a story lives forever
Register
Sign in
Form submission failed!

Stay signed in

Recover your password?
Register
Form submission failed!

Web of Stories Ltd would like to keep you informed about our products and services.

Please tick here if you would like us to keep you informed about our products and services.

I have read and accepted the Terms & Conditions.

Please note: Your email and any private information provided at registration will not be passed on to other individuals or organisations without your specific approval.

Video URL

You must be registered to use this feature. Sign in or register.

NEXT STORY

Thoughts on retiring

RELATED STORIES

Making mistakes
Harold Lambert Physician
Comments (0) Please sign in or register to add comments
In general I'm sure I have hidden things from patients. I must have done. You just, you just adjust your memory, either from vanity or just feeling stupid, all the various reasons, but on the whole I found saying to patients- you don't know what's going on, which I very frequently did is perfectly all right as long as you give them a plan, where you're going to go from there. And I think that- in nearly every case they might think you're an idiot and you should know, which is okay but I think in most cases if you tell them what you are proposing to do about it and that's the most important, open thing you can do. And as regards serious mistakes, well, I suppose I probably suppress most of them but I do remember some things, some things where you weren't quite on the ball, you didn't kind of see where one element in the diagnosis had gone off too far to be right and you didn't rethink the thing from the beginning and some things where you didn't actually understand it. I remember a young girl of 17 who died rapidly of septicaemia, supposed, and after years I thought about her and I thought- she had toxic shock syndrome, which was not recognised. It was published years after that and I didn't feel guilty because, I mean, but I thought- oh, that's what that girl died of. And another thing as an example because of dealing with all these very acute septicaemias and stuff was what I call the slippery slope of people who have rather mild, apparently mild features and then six hours or 12 hours later you're, you're really on the slippery slope, you're in really deep trouble and I think now, with all the intensive care work and people like Mike Levine at St. Mary's studying children with septicaemia in much greater depth and I think the education side of that has got better. This charity I work for has been very active in that. This charity? What was that? Well, I'm involved with a, a meningitis charity called Meningitis Research Foundation and I think they've done excellent work, both in research portfolio and in both public and professional education. We've done decision pathways for casualty doctors, both for children and for adults in query septicaemia and I think decision pathways are, in a kind of way, they stop you thinking but I think for this kind of thing where there's so much noise in the system, so many things going on, I think they're extremely valuable tools and one of the things they've shown is how to be ahead of the slippery slope, as I call it. Now that's the thing I, I'm absolutely certain I can remember at least one and I'm sure there are other cases where I got it wrong and the patient died because I didn't realise the speed of the process. But, no, I don't feel incredibly guilty about most things. Most things, you know, you know, I didn't know how to handle it or it was beyond anybody's care but I do feel sad about pain. No I, no I don't spend my time mulling over patient's who have died, no I don't actually but, you know, obviously one terribly regrets it and I did find the AIDS deaths incredibly painful. They were awful, awful illnesses.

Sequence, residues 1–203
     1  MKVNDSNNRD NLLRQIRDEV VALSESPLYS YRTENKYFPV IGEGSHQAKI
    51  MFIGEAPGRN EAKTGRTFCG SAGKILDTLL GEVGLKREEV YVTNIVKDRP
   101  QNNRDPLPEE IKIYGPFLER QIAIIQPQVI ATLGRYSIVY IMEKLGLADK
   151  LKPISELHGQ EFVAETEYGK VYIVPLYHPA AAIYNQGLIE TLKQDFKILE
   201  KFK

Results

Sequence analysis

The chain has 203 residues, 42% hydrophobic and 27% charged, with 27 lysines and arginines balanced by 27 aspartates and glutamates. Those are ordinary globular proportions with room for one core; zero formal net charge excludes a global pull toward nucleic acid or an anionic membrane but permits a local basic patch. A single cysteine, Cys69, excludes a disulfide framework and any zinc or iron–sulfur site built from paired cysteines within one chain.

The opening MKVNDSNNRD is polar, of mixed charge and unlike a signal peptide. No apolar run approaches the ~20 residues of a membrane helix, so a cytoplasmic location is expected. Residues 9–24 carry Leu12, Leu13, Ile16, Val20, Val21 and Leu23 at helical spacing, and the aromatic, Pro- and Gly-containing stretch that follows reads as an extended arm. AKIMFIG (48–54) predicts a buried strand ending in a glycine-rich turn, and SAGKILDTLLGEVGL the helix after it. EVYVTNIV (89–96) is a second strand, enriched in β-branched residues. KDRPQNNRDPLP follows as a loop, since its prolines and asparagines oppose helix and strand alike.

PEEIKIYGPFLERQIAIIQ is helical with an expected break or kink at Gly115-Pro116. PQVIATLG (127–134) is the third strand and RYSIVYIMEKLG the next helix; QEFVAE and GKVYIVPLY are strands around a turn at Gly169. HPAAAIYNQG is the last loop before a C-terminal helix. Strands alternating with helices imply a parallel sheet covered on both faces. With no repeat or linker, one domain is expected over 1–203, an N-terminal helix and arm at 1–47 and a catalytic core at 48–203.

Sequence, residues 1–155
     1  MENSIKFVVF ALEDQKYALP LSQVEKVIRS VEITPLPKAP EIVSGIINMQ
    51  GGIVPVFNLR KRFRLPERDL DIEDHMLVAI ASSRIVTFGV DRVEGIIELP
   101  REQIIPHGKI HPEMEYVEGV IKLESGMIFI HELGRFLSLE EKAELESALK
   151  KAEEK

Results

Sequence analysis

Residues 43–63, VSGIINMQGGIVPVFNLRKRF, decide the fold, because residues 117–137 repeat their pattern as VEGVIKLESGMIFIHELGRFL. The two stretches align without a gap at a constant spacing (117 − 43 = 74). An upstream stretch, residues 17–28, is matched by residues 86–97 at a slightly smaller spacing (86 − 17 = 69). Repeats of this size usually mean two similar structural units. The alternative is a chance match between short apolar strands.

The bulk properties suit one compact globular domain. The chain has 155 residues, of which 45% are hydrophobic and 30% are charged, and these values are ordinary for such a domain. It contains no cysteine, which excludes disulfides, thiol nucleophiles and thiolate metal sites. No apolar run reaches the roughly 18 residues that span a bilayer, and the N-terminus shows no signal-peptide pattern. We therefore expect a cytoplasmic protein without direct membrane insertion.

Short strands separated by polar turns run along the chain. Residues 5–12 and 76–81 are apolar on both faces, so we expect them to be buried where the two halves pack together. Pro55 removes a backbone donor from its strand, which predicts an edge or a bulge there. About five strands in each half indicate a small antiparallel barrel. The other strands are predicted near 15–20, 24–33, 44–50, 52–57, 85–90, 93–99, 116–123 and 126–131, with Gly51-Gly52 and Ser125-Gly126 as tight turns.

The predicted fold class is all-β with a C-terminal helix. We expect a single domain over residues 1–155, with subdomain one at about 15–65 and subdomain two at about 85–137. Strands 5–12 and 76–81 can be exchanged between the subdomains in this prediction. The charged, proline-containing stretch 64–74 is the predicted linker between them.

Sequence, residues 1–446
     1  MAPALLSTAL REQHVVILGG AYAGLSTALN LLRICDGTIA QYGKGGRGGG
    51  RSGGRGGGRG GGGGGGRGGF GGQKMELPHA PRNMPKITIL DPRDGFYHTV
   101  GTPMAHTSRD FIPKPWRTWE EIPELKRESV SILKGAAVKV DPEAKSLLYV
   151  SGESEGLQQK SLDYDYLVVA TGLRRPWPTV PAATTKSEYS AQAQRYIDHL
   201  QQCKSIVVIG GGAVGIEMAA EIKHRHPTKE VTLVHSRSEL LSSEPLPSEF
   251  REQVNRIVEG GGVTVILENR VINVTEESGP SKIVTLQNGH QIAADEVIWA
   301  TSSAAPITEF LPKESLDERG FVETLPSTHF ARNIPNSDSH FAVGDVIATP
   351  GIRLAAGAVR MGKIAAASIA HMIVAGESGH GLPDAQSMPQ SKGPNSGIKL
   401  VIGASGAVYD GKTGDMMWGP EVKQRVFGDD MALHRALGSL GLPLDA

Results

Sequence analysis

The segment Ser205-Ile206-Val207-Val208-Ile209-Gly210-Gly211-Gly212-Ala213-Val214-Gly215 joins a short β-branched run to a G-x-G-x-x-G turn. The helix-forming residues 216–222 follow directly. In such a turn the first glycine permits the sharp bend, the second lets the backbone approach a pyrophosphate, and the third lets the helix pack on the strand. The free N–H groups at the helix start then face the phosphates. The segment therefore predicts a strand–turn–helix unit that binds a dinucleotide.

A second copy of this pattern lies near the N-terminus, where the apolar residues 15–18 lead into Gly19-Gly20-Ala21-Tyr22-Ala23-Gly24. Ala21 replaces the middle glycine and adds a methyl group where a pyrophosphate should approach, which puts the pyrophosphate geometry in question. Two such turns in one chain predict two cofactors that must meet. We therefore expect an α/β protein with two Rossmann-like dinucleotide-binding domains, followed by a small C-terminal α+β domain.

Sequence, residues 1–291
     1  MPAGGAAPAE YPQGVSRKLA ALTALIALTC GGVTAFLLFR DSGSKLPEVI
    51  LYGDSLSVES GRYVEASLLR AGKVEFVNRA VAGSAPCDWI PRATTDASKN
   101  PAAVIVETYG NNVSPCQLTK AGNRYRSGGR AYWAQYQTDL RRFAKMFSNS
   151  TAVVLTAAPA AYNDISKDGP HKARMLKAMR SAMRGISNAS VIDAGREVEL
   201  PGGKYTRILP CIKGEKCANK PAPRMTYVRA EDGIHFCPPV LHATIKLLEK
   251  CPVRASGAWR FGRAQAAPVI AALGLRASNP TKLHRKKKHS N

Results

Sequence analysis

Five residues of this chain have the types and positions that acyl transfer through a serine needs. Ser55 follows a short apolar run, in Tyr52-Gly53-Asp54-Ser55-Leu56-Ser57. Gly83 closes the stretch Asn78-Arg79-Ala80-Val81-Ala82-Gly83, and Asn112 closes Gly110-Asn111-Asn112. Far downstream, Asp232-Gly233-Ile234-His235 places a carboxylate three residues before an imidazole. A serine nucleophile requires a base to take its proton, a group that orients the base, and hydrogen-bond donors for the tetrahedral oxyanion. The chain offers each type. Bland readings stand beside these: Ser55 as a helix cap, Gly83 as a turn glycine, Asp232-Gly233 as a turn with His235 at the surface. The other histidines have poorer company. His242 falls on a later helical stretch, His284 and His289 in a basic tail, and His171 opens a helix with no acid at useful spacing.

British doctor Harold Lambert (1926-2017) spent his career tackling infectious diseases, helping in the development of pyrazinamide as an effective treatment for tuberculosis. He also published work on the rational use of antibiotics and was a trustee and medical advisor for the Meningitis Research Foundation.

Listeners: Roger Higgs

Roger Higgs was an inner city GP for 30 years in south London, UK, and is Emeritus Professor of General Practice at Kings College London, where he set up the department.

He gained scholarships in classics at Cambridge but changed to medicine after a period of voluntary work in Kenya in 1962. He was Harold Lambert's registrar for 18 months in the early 1970s, the most influential and exciting episode in his hospital training. He set up his own practice in 1975. He helped to establish medical ethics as a practical and academic subject through teaching, writing and broadcasting, and jointly set up the 'Journal of Medical Ethics' in 1975.

His other work included studies in whole person assessment and narrative in general practice and development work in primary medical care: innovations here included intermediate care centres, primary care assessment in accident and emergency departments, teaching internal medicine in general practice and establishing counselling services in medicine.

He was made MBE in 1987 for this development work and now combines bioethics governance, teaching and writing with an arts based retirement.

Tags: Michael Levin

Duration: 3 minutes, 19 seconds

Date story recorded: October 2004

Date story went live: 24 January 2008